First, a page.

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Security / May 2, 2022

Gigamon Comments on Applying Zero Trust to Enterprise Mobility

Editor’s note: As a supplier of network software and hardware to multiple U.S. government agencies, Gigamon reviews and comments on many draft standards and documents issued by government agencies. This has accelerated as Zero Trust became a key focus, not only within the U.S. federal government, but also to other governments worldwide and into enterprises and even service providers. It’s safe to say that Zero Trust is a major driving force in security architecture.

To this end, Gigamon has decided to publish our feedback to these government documents here on this blog. The purpose of this is twofold:

  1. To explain our strategic thinking around this major shift in the way we architect our INFOSEC infrastructure
  2. To elicit comment and feedback from our customers and security architects, with the aim of enhancing the practicality and deployability of Zero Trust architectures

While NIST SP 800-207 has given us an excellent definition of what Zero Trust architecture is, there are so many ways this can be achieved and those discussions are worthwhile and mutually beneficial. Please feel free to do so by emailing Ian at (ian dot farquhar at gigamon.com) or by participating in the Gigamon Community’s Public Sector group.

Note: You can download the original draft document from CISA here.

Lastly, we welcome your feedback on whether this is beneficial. Our aim is to publish here moving forward when the response seems beneficial.


Gigamon appreciates the opportunity to provide comments on CISA’s draft whitepaper, Applying Zero Trust Principles to Enterprise Mobility (“ZT and Mobility Paper”). We believe this effort is a critical aspect of the federal government’s Zero Trust journey considering the highly sensitive data that traverse mobile devices in agency environments and the attendant risk associated with mobile device compromises. To that end, as explained in much greater detail below, Gigamon recommends that CISA modify the key takeaways of the ZT and Mobility Paper in a way that:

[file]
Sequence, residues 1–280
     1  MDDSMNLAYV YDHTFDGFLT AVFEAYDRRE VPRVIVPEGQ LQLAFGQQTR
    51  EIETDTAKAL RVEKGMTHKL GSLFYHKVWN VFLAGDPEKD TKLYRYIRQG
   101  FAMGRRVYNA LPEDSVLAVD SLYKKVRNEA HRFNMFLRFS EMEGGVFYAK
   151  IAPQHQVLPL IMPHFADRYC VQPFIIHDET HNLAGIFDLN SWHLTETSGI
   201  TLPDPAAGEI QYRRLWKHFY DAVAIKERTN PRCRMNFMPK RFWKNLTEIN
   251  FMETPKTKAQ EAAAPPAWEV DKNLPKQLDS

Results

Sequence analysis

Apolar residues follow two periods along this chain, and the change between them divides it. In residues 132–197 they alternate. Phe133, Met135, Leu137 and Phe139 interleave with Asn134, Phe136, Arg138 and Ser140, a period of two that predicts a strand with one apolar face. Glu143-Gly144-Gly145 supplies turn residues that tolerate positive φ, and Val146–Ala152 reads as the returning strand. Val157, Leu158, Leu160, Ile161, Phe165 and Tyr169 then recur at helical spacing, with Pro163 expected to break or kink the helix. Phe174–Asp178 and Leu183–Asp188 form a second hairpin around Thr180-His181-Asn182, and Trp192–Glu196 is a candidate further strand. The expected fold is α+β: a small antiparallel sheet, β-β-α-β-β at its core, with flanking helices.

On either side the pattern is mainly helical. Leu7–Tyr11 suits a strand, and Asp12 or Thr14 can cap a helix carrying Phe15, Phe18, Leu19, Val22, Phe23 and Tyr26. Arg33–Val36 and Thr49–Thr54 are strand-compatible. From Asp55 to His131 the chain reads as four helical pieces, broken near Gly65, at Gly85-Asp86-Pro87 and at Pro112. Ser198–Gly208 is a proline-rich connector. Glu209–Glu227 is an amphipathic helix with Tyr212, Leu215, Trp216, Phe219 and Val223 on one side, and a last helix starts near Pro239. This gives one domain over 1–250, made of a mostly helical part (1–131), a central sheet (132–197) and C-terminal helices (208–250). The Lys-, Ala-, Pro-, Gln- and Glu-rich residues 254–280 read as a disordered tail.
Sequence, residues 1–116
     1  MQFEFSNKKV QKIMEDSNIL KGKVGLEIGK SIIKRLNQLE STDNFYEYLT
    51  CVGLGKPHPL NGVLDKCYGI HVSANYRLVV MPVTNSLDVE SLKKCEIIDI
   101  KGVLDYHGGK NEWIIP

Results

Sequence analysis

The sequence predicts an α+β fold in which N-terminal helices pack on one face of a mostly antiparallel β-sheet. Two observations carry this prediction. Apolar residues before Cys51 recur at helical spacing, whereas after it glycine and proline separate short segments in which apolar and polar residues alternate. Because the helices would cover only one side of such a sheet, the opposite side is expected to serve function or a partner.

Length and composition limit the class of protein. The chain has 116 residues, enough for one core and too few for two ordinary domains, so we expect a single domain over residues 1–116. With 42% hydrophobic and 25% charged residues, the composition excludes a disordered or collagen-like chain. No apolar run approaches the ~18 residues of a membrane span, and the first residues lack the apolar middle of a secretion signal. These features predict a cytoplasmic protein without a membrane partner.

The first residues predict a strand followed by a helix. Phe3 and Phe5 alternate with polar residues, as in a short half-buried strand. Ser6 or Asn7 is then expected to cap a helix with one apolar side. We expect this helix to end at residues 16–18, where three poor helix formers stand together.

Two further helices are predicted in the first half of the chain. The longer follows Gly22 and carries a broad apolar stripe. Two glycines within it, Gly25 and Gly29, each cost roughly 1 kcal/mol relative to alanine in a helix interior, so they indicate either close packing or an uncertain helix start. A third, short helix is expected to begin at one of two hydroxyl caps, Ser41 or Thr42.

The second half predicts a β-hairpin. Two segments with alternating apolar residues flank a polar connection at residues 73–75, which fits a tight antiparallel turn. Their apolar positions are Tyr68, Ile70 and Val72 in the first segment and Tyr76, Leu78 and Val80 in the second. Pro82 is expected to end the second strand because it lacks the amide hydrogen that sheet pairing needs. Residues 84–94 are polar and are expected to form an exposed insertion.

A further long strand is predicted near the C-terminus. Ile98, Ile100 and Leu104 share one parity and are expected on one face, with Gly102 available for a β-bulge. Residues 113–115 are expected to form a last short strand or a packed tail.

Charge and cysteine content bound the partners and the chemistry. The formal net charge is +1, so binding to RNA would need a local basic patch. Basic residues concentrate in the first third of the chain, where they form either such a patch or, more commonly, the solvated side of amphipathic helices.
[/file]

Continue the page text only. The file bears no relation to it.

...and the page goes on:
(1) Encourages agencies to reduce reliance on trusted hardware and built-in security features because (a) there is a mismatch between the prioritization of security between the mobile device/OS vendors and the federal government; and (b) considering the relatively low cost of most mobile devices, our adversaries can easily acquire, reverse engineer, and likely locate usable exploits in them; and

(2) Encourages agencies to incorporate network-based mechanisms to assess mobile device behavior and detect anomalies that may be indicative of compromised hardware and/or software, including within the device’s security infrastructure.

Consistent with the principles and tenets of Zero Trust, organizations should anticipate that mobile devices will be compromised and develop mechanisms to detect and mitigate this risk that are independent from the device itself. An organization cannot trust a compromised device to detect and alert on itself, particularly in a sophisticated supply chain exploit that implants code during the lifecycle of the device. In our experience, the packets are the ground truth, as an exploit must communicate with command and control infrastructure and to perform attacks. If an organization is monitoring behavior, these communications will be detectible even if a device is compromised.

Reduce Implicit Trust in Hardware and Built-in Security Features in Mobile Devices